- Do not read, use your phone or other devices while trying to move your bowels.
Expert Review And References
- Understanding chemotherapy: a guide for patients and families. American Cancer Society. American Cancer Society. American Cancer Society 2013.
- American Cancer Society. Nutrition for Children With Cancer. Atlanta, GA: American Cancer Society 2012.
- Constipation. American Society of Clinical Oncology . Cancer.Net. Alexandria, VA.: American Society of Clinical Oncology 2009.
- Constipation. BC Cancer Agency. Patient/Public Info. Vancouver: BC Cancer Agency 2006.
- Camp-Sorrell, D. Chemotherapy toxicities and management. Yarbro, CH, Wujcki D, & Holmes Gobel B. . Cancer Nursing: Principles and Practice. 7th ed. Sudbury, MA: Jones and Bartlett 2011: 17: pp. 458-503.
- Gamulka B, SickKids Constipation Working Group. Constipation. Hospital for Sick Children. AboutKidsHealth. Toronto, ON: Hospital for Sick Children 2013.
- Hospital for Sick Children. AboutKidsHealth: Side Effects of Chemotherapy. Toronto, ON: Hospital for Sick Children 2009.
- Constipation. National Childhood Cancer Foundation & Children’s Oncology Group. CureSearch. Bethesda, MD:
- Panzarella C, Rasco-Baggott C, Comeau, M., et al. Management of disease and treatment-related complications. Baggott, C. R., Kelly, K. P., Fochtman, D. et al. Nursing Care of Children and Adolescents with Cancer. 3rd ed. Philadelphia, PA: W. B. Saunders Company 2002: 11:279-319.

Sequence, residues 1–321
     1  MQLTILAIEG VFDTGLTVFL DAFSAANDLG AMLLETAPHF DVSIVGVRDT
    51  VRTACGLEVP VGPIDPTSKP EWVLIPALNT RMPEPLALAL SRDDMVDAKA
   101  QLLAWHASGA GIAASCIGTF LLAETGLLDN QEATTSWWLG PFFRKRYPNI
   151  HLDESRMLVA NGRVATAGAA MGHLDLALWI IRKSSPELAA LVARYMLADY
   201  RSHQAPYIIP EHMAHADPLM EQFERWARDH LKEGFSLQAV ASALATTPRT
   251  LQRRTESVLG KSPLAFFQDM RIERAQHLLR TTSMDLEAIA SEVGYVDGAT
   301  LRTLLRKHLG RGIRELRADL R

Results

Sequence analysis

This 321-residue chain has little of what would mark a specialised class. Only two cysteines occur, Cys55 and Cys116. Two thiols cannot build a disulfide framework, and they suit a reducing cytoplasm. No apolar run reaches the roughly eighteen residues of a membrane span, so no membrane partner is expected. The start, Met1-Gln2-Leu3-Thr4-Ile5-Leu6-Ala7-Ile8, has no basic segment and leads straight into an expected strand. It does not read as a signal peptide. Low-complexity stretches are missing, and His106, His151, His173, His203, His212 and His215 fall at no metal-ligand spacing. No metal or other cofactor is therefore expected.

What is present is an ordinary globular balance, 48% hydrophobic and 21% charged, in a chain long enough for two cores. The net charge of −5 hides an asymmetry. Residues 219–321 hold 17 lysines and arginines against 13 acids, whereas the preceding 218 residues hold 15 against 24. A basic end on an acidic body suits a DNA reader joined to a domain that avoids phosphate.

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Notify Your Physician If You Experience Any Worrisome Symptoms
- Fever, severe pain or excessive bleeding should be reported to your doctor immediately.
- Localized irritation of the vein at the I.V. site may occur at the site of medication injection and is not unusual. There may be a red streak going up your arm that is best treated with moist hot packs. If it progresses, contact our clinic, as antibiotic therapy may be required to resolve this condition.
- Forgetfulness is normal immediately after the procedure and is due to the use of an amnesic drug required for adequate sedation during the procedure.
- Should you have any questions after your procedure, please call our office and your call will be directed to your physicians triage nurse. Phone: 541-868-9500 or Toll-Free: 877-484-4501
What Are The Risks Of A Colonoscopy